As our recent customer survey showed, security of the data center is one of the top priorities for our customers when choosing a colocation partner. We took the opportunity to talk to our newly hired security manager, Christian Johansson. Here are his views on data center security and his new role in Green Mountain. With a background as an executive protection officer in the Police Security Service (PST), he knows a thing or two about securing high-value assets.
First of all, Christian, can you explain for the non-experts among us, why all this talk about data center security? Why is it so important?
Data centers are very valuable asset. They are a part of the critical digital infrastructure that our modern society rely on. The data that is stored and processed in a data center can be mission critical for companies or institutions. Consequently, they are also attractive targets for different types of external threats and attacks. And therefore, physical security becomes a priority.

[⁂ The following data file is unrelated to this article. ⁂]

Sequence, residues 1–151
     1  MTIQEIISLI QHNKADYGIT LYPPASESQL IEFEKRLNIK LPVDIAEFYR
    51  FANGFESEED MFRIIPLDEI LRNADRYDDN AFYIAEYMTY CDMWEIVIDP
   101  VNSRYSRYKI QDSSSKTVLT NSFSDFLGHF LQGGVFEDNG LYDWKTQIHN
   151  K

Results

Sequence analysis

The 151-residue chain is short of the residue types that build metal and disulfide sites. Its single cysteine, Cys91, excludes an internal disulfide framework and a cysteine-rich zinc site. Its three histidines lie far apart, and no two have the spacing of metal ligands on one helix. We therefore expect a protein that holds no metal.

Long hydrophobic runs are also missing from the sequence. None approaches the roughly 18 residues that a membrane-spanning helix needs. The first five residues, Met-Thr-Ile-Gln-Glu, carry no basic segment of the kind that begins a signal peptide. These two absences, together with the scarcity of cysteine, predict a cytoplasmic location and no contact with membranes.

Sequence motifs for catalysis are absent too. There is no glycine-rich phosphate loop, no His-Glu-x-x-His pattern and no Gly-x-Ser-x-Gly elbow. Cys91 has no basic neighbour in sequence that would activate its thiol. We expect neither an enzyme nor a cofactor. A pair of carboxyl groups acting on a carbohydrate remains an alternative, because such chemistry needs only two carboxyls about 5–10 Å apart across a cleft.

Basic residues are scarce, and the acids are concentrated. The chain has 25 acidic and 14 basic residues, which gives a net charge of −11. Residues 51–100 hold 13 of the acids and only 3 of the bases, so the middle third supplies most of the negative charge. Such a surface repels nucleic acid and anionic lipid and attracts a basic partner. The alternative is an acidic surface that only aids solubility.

As a colocation provider we focus on the physical security of the facility whereas the customer is responsible for the information- and cyber security aspect. In laymen’s terms, we make sure no one can get unauthorized access or damage the physical facility. Whereas the customer must make sure they safeguard the server content against cyber attacks etc.
I understand. And now, a few weeks into your new position, what is your impression of the security design imnplemented at Green Mountain?
The short answer: I am impressed. I expected there would be mitigating measures in place to protect against unauthorized access, but I am even more impressed by the strong safety and security culture in the organization. A strong safety and security culture are just as important as the physical barriers in place!